Canis ISSN: 2398-2942

Arsenic toxicity

Contributor(s): Dawn Ruben, Patricia Talcott

Introduction

  • Arsenic is found in insecticides, herbicides and some medications. Some wood preservatives contain arsenicals and ash from burnt wood containing these preservatives can be toxic. The most common source of toxicity in dogs and cats is exposure to ant or roach baits.
  • Arsenic can be found in the pentavalent (usually naturally occurring) and trivalent forms. The trivalent form is up to 10 times more toxic than the pentavalent form.
  • Arsenic exposure most commonly occurs by ingestion and arsenic is readily absorbed from the gastrointestinal tract. Dermal exposure can occur, particularly through non-intact skin, and may result in systemic toxicity.

Pathogenesis

Etiology

  • Arsenic toxicity occurs following ingestion of products containing arsenic or topical exposure to pentavalent or trivalent forms of arsenic.

Predisposing factors

General
  • Weak, elderly, dehydrated or debilitated animals are more susceptible to toxicity, possibly due to reduced renal excretion.
  • Cats are very sensitive to arsenicals and the lethal dose is much lower than in dogs.

Pathophysiology

  • Trivalent arsenicals disrupt cellular respiration by binding sulfhydryl groups to enzymes. This will result in capillary vasodilation and a loss of capillary integrity. Fluid loss and hypovolemia ensue.
  • Actively dividing cells, such as gastrointestinal epithelium, are most affected by arsenic. Fluid will leak from the capillaries into the intestinal mucosa and GI lumen. This results in a reduction of blood volume, hypotension and eventual circulatory collapse.
  • Kidneys, liver, skin and lungs can also be injured.
  • The pentavalent form of arsenic, not a common source of toxicity in dogs and cats, is substituted for phosphate resulting in uncoupling of oxidative phosphorylation. This leads to axonal degeneration and demyelination. It is thought that it also interferes with the metabolism of Vitamin B1 and B6.
  • Pathological: gastrointestinal tract:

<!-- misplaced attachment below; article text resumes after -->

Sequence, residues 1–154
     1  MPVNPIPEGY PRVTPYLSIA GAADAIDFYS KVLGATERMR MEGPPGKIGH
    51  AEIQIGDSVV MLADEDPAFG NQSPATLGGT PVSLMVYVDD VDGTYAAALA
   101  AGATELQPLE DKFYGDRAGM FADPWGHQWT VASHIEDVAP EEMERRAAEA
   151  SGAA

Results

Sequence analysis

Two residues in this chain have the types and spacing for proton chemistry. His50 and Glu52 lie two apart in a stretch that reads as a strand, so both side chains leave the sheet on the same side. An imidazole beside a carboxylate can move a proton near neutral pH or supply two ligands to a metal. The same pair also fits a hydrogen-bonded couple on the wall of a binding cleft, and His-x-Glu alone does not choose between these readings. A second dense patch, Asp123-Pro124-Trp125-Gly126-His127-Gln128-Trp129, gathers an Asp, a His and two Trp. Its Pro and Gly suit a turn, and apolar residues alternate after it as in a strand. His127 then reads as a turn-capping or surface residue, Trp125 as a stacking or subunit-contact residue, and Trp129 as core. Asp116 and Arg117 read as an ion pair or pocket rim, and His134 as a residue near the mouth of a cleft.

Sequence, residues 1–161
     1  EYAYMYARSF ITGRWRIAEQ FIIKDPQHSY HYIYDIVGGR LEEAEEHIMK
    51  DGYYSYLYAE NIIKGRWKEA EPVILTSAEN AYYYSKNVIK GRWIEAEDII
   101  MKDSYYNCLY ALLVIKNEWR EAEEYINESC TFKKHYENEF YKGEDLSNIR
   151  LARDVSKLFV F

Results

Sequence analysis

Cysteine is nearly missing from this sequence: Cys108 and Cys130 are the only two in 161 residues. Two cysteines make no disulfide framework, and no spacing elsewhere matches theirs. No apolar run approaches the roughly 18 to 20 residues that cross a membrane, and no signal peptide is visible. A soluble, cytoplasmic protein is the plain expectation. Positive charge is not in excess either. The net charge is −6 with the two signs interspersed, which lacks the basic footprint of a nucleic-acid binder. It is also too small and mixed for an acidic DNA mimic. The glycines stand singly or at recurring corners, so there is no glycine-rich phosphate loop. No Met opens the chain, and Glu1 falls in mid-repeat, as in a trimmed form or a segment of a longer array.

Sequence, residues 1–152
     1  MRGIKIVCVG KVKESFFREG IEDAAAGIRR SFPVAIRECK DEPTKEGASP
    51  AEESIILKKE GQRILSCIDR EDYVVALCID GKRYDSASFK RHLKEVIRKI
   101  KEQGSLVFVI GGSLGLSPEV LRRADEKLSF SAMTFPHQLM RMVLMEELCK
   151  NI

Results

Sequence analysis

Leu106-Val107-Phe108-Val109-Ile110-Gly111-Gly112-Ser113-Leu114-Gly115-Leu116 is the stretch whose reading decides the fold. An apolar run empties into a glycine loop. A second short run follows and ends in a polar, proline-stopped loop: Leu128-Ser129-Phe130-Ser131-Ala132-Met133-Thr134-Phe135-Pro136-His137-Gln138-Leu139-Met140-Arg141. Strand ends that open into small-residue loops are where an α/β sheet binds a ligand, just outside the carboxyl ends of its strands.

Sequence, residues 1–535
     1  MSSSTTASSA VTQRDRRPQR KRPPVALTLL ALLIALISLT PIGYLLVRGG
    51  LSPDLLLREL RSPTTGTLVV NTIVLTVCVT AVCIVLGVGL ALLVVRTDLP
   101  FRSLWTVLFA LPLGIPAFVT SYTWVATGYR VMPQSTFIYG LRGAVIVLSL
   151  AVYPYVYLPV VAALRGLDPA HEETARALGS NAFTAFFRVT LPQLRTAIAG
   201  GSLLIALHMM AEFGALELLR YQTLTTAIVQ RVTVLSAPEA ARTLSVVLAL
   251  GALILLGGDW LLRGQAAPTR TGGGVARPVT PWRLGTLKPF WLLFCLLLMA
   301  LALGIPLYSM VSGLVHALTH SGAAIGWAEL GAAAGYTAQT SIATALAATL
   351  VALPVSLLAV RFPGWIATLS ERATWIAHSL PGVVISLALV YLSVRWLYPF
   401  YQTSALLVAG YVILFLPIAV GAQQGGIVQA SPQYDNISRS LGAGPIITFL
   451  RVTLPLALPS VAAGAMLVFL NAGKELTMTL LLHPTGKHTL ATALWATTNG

• Submucosal edema, congestion and vesicle development. The GI mucosa may slough.
  • Kidneys:
    • Capillaries within the glomeruli dilate, swell and undergo degeneration. Tubular necrosis and renal fibrosis may develop. Hypotension and dehydration occur which leads to proteinuria Urinalysis: protein and oliguria.
  • Skin:
    • Dermal exposure to arsenical leads to hyperemia, blistering and edema.
  • A single lethal dose of trivalent arsenic is approximately 1-25 mg/kg. Subacute toxicity can occur when animals ingest small amounts over several days.
  • Arsenic is excreted by the kidneys and bile. Excretion in animals that ingest sublethal doses is usually complete within a few days.

Timecourse

  • Peracute death can occur following large exposures. Small exposures can result in morbidity and mortality over several days.

Diagnosis

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Treatment

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Prevention

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Outcomes

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Further Reading

Publications

Refereed papers

Other sources of information

  • Neiger R D (2004)Arsenic Toxicosis.In:The 5-Minute Veterinary Consult. (ed) Tilley L P, Smith F W K. Lippincott, Williams & Wilkins. Philadelphia. p 95.
  • Neiger R D (2001)Small Animal Toxicology.(ed) Peterson, Talcott. Saunders. Philadelphia. pp 420-428.
  • Plunkett S (2001)Emergency Procedures for the Small Animal Veterinarian.2nd edition. Saunders. St. Louis. pp 295-298.
  • Gfeller R W & Messonnier S P (1998)Handbook of Small Animal Toxicology & Poisonings. Mosby. St. Louis. pp 85-89.
  • Osweiler G D (1996)Toxicology.Lippincott Williams & Wilkins. Philadelphia. pp181-186.

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